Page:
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Where moreouer is to be noted, þt this Robert Blomfield aboue named, immediately after he had apprehended the saide Browne fell very sicke: And though at that time he was a welthy man and of a great substance (beside his land, which was better then twentie pound a yeare) after thys time, MarginaliaExample of Gods punishment, vpon a parsecutor.God so plagued his housholde, that hys eldest sonne died, and his wife had a pining sickenesse till she departed this life also.

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Then maried he an other, a richer widow: but all wold not helpe, and nothing would prosper: For hee had a sore pining sicknesse, being full of botches and sores, whereby he wasted away both body and goodes, till he died.

So when he died, he was aboue ix. score pounds in det, and it was neuer heard of any repentaunce he had. But a litle before his death, he bragged, & threatned a good man, one Symon Harlston, 

Commentary  *  Close

Simon Harlstone, whose name appears several times in Foxe's book, was Archbishop Matthew Parker's brother-in-law. Although he prudently does not labour the point, Foxe must have enjoyed recording Harlstone's opposition to wearing the surplice which the archbishop insisted all clerics had to wear.

to putte him foorth to the Officers, because he did weare no Surplis when he sayd seruice.

Wherefore it is pitie suche baites of Poperie are lefte to the enemies to take Christians in. God take them away, or els from them: for God knoweth they be the cause of much blindnesse and strife amongest men.

Furthermore, out of the sayde Towne were constrayned to flye Robert Boele  

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Cattley/Pratt, VIII, Appendix: ref page 536, middle

The first Edition, p. 1677, reads "Beell," the rest "Boele."

and Iohn Trapne, because they woulde not goe to Masse and receiue their Sacrament of the aultare.

Elizabeth Young.

YE heard before in the treatise of the scourging of Thomas Grene, how he was troubled and beaten by doctour Storie, for a certaine booke called Antichriste, 

Commentary  *  Close

The book is almost certainly John Olde's translation of Rudolph Gualter's Antichrist (STC 25009), printed in Emden in 1556.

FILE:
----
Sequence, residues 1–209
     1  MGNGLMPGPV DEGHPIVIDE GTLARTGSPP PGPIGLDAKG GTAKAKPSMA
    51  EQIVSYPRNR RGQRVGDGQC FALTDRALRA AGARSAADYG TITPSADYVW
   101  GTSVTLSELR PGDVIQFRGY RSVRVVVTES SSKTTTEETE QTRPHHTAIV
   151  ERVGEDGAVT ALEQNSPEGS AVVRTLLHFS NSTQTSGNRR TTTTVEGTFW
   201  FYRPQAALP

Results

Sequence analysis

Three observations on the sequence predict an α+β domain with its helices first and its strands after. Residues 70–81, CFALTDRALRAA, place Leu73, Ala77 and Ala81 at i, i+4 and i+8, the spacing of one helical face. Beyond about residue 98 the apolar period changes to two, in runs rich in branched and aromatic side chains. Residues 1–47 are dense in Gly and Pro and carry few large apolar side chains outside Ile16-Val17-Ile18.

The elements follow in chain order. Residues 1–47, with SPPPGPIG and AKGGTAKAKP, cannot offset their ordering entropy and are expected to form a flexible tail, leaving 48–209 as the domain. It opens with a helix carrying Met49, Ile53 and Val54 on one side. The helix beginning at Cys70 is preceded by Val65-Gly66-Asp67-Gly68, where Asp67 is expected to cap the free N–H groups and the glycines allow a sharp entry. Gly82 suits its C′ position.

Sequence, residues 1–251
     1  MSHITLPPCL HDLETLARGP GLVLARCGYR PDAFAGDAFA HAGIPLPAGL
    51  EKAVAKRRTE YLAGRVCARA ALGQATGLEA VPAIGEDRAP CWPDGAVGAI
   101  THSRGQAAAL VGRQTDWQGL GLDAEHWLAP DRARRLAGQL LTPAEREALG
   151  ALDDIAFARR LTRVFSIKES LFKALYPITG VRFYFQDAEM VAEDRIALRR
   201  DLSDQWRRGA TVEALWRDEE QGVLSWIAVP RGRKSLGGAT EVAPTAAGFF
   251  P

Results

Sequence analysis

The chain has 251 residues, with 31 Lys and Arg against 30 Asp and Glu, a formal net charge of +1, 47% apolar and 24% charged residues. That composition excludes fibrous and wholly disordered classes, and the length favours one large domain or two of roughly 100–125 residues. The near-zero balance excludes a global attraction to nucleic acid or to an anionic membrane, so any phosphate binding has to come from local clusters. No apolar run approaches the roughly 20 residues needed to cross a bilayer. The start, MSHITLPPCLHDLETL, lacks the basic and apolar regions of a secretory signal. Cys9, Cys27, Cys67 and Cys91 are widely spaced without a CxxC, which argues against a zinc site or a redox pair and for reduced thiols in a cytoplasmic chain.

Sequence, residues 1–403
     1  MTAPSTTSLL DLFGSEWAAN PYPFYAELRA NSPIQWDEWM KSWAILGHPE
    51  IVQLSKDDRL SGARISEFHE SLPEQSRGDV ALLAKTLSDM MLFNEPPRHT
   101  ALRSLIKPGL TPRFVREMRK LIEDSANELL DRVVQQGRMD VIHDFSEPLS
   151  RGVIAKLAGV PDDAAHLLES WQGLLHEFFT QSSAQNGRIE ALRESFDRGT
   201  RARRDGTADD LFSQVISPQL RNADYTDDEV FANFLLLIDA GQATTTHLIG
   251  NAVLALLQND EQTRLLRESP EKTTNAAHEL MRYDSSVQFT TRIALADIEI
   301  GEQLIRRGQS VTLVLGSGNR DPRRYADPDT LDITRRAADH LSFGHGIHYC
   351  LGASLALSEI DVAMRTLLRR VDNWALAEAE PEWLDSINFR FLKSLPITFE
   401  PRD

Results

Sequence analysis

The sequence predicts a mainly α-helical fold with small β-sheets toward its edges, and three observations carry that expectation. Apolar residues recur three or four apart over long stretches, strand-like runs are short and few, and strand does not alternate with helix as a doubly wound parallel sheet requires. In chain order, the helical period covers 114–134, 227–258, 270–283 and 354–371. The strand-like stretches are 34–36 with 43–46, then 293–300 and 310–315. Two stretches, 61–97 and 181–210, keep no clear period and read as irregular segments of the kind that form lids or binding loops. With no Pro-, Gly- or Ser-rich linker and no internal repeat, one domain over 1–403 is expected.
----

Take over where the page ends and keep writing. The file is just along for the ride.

which he receiued of a woman, because in no case he woulde detect her.  
Commentary  *  Close

See 1563, p. 1687; 1570, p. 2263; 1576, p. 1954; 1583, p. 2067.

This woman was one Elizabeth Young, who comming from Emden to England, brought with her diuers bookes, and sparsed them abroad in London, for the which shee being at length espied and laied fast, 

Commentary  *  Close

In 1556.

was broughte to examination 13. times before the Catholicke Inquisitours of heretical prauitie. Of the which her examinations, nine haue come to our handes.

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Wherein how fiercely she was assaulted, how shamefully shee was reuiled, how miserably handled, and what answeres she made vnto the aduersaries in her owne defence, and finally after all this, how she escaped and passed through þe pikes (being yet, as I heare say, aliue) I thought to geue the reader here to see and vnderstande.

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The first examination of Elizabeth Young, before maister Hussie.

MarginaliaThe first examination of Elizabeth Yoūg.WHo examined her of many thinges: First where she was borne, and who was her father and mother.

Elizabeth Young. Syr, all this is but vaine talke, and very superfluous. It is to fil my head with fantasies, that I shoulde not be able to aunswere vnto suche thinges as I came for. Ye haue not (I thinke) put me in prison to know who is my father and mother. But I pray you goe to the matter that I came hether for.

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M. Hussie. Wherfore wentest thou out of the realme?

Elizabeth. To keepe my conscience cleane.

Hussie. When wast thou at Masse?

Eliz. Not this three yeares.

Hussie. Then was thou not there iij. yeares before that.

Eliz. No Syr, nor yet iij. yeares more before that, for and if I were, I had euill lucke.

Hussie. How old art thou?

Eliz. Fourty and vpwardes.

Hussie. Twentie of those yeares thou wentest to Masse.

Eliz. Yea, and twentie more I may and yet come home as wise as I went thether first, for I vnderstand it not.

Hussie. Why wilt not thou go to the Masse?

Eliz.